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Mergers and Acquisitions: Catch the Wave

M&A tends to heat up when profits decline, such as 2022.

Rob Chrisman
Insider
Rob Chrisman
A surfer viewed from below, underwater, with fish around.

Banks, credit unions, independent mortgage banks, brokers, vendors, and others in the residential lending business wonder if they will be around in 3-6 months. Has the company managed to cut costs as quickly as revenue and volume has dropped? How much capital might a company “burn through” before things “turn around,” whenever that is? Should we look at merging, acquiring, or being purchased?

M&A tends to heat up when profits decline, such as 2022. During the last few years we saw “IPO mania” as the owners of, and investors in, of those companies “took chips off the table” through public offerings. In 2022 that has changed, and few lenders or vendors are talking about issuing stock. Most lenders hope to break even in 2022, and the number of investors who desire to put capital to work in residential lending has declined. Some have moved from being mortgage bankers to brokering, thereby eliminating underwriters, secondary marketing, and other positions.

M&A talk has only increased this year. Potential buyers are viewing the market shift in terms of adding geographic scope to their originations. “We’re not licensed in Texas, but if we buy this company…” They are thinking in terms of adding market expertise. “Hey, that lender has a well-respected reverse mortgage group.” How long will the seller stay involved? How financially stressed is the seller? Economies of scale, talent acquisition, strategic opportunities, and growing in a down market are often cited as reasons.

Potential sellers are asking, “We have limited capital; how much do we want to use up surviving?” “What value do we bring to a potential buyer?” “What are the long-term prospects of our company in this environment?” “Is my life going to be better?” “What about my employees?” “What is my time of life?” Retirement, preservation of capital, and demands for additional technology are often cited as reasons to sell, and often potential sellers will do their best well advance of any future deals to add production staff to increase value.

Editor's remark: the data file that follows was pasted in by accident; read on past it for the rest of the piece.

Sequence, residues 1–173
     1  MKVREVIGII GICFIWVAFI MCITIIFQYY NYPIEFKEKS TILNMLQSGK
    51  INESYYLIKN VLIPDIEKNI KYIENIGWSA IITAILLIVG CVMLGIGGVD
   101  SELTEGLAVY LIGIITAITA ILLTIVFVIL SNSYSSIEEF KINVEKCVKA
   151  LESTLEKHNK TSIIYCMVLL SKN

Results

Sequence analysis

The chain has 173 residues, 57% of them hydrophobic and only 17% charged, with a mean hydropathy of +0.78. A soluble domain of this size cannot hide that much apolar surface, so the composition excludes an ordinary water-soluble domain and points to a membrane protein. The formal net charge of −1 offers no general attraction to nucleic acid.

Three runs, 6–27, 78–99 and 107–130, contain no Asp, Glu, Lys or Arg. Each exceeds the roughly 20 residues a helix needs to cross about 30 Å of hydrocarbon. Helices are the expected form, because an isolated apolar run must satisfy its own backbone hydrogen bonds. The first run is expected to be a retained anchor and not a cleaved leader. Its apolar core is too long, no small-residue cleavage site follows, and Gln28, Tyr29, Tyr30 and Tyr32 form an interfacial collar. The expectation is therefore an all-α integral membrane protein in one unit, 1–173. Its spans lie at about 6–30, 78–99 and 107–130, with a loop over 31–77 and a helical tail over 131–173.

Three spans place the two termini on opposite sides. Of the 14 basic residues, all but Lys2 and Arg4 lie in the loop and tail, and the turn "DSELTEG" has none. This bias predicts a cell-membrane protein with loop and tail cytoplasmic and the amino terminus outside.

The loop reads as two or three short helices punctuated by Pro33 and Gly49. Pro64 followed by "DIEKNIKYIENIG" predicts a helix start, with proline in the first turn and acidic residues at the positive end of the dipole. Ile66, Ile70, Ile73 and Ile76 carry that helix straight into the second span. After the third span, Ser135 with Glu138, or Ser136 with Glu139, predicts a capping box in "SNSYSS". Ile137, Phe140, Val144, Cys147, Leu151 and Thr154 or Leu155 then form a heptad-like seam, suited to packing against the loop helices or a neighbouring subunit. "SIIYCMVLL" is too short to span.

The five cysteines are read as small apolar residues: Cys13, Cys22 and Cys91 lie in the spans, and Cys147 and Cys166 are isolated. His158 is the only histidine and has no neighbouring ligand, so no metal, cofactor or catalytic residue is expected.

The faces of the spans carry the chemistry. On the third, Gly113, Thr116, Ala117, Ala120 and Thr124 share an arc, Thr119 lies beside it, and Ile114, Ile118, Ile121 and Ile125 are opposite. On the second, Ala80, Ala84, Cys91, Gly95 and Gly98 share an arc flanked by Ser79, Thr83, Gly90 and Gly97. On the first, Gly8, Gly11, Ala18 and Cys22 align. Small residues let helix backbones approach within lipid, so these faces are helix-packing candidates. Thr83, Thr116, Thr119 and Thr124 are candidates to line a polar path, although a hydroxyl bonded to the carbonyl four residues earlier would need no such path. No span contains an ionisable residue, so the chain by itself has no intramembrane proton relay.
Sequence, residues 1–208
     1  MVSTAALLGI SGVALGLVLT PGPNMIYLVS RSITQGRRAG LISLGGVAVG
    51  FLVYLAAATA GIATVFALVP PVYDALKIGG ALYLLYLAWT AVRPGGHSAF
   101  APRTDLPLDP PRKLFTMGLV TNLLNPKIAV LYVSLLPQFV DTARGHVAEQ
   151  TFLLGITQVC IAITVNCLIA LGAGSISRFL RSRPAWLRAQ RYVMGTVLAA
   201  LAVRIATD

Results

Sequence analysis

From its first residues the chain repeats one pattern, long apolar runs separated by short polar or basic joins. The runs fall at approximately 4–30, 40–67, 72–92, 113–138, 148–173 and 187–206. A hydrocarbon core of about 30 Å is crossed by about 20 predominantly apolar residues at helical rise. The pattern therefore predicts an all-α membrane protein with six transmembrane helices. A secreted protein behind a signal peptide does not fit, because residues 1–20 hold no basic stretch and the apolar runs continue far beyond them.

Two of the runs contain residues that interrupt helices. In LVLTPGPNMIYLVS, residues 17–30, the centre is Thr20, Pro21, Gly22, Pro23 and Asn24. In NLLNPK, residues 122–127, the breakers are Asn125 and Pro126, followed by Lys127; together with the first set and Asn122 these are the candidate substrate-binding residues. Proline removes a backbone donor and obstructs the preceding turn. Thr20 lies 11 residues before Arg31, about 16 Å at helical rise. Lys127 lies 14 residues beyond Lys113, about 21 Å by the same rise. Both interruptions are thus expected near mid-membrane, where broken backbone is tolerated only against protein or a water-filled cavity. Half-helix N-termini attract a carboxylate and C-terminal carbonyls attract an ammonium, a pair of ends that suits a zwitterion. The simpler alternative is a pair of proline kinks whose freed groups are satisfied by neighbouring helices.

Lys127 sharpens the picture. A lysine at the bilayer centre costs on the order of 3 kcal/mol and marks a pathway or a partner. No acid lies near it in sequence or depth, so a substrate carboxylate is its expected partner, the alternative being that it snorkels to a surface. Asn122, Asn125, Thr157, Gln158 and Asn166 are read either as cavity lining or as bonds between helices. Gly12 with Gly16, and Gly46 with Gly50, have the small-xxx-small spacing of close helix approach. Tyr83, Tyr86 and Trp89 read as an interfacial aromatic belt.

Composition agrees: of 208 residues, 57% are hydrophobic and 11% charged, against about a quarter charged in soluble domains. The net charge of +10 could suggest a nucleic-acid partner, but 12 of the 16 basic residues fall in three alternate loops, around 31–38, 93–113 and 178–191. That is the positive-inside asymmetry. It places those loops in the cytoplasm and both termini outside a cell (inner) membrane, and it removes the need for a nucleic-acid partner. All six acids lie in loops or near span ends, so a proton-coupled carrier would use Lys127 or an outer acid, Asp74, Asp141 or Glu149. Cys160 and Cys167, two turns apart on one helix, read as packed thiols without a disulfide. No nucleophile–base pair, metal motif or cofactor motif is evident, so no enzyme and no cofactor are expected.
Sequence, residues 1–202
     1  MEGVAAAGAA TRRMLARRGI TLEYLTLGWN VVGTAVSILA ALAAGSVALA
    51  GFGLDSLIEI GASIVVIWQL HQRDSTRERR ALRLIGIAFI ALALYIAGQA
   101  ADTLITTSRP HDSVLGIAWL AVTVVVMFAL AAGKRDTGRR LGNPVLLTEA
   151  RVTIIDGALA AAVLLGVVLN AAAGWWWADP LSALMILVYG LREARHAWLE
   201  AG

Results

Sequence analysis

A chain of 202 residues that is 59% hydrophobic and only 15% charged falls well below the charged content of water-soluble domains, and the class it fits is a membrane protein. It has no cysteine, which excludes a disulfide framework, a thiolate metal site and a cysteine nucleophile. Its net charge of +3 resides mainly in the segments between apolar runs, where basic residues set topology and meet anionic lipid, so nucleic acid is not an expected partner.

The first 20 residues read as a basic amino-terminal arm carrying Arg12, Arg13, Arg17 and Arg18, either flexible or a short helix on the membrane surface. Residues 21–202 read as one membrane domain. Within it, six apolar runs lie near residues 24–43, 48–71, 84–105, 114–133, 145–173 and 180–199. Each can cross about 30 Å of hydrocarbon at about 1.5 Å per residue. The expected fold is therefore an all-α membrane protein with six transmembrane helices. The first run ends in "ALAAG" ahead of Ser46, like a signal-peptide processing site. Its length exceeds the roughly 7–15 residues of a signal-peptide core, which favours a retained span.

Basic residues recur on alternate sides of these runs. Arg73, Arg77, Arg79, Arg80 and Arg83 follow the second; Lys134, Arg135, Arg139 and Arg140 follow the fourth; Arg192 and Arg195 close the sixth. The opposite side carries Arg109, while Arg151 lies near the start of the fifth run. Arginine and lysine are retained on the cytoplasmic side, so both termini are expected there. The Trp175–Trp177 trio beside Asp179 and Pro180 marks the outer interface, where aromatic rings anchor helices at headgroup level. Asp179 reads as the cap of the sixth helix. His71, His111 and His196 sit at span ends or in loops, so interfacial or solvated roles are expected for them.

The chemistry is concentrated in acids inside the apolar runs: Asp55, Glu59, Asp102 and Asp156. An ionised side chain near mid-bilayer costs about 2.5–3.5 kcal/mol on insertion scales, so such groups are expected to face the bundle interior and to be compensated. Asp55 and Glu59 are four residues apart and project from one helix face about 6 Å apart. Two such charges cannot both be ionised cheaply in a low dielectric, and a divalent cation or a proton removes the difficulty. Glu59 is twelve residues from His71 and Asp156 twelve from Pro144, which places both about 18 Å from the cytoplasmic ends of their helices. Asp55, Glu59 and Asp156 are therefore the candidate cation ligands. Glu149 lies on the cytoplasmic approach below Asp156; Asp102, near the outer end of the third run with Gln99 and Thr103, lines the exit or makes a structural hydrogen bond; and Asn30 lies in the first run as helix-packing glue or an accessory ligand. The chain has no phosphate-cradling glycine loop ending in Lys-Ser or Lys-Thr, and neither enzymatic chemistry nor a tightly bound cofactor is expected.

The thinking of deal structuring has shifted from IPOs toward “asset sales” as a method of transferring ownership, with the buyer purchasing the entire company. Of course, partial acquisitions also work, with the buyer eventually owning 51% of a company, or some type of modified joint venture arrangement. Stock in the seller can be purchased, companies can be merged. What liabilities are being assumed? If it is treated as an asset purchase, does that include people? Agency approvals? Licensing is important.

Cultural fit between a buyer and seller is paramount in any deal. What difference do great numbers and geographic fit make if the two groups don’t mesh and half the originators quit? Even if the owners get along, other members of the senior management team should be able to cooperate and have similar values, as should employees. Buyers will want a “no shop” provision for 30-60 days written in to the deal to avoid the seller continuing to look around.

As the deal proceeds, what will the employees be told? Information is important, especially as recruiters will swoop in. Transparency is critical in measured doses. Public announcements are becoming fewer, as those are generally viewed as doing nothing other than promoting the advisors behind the deal and may even have a negative impact on the two lenders or vendors involved in the merger or acquisition.

Buyers and sellers may talk on and off for years, and when a deal is initially agreed to the two parties may agree that “The timing was just right.” But it is not easy arriving at that point. Determining a value is very complicated. Perhaps it is a premium over book value, or an earnings multiple such as 3x or 4x of proforma earnings, not 2020 and 2021, which are unrepresentative, comparable sales, discounted cash flow, and the “build versus buy” discussion are common and all important.

As we head toward the holidays of 2022 and start thinking about 2023, few believe that the residential lending environment will improve. Owners and managers must constantly consider their business models and strategies, and what is best for the long term for the company and its employees. Acquiring, merging, or being acquired are certainly strategies that can be very beneficial if mapped out and executed well. 

This article was originally published in the Mortgage Banker Magazine October 2022 issue.
Rob Chrisman
Rob Chrisman

Rob Chrisman began his career in mortgage banking – primarily capital markets – 35 years ago. He is on the board of directors of Inheritance Funding Corporation, of Doorway Home Loans, of AXIS Appraisal Management, and of the California MBA. He is also a member of the Secure Settlements Advisory Board, an associate of the STRATMOR Group, and of the Mortgage Bankers Association of the Carolinas and its membership committee.

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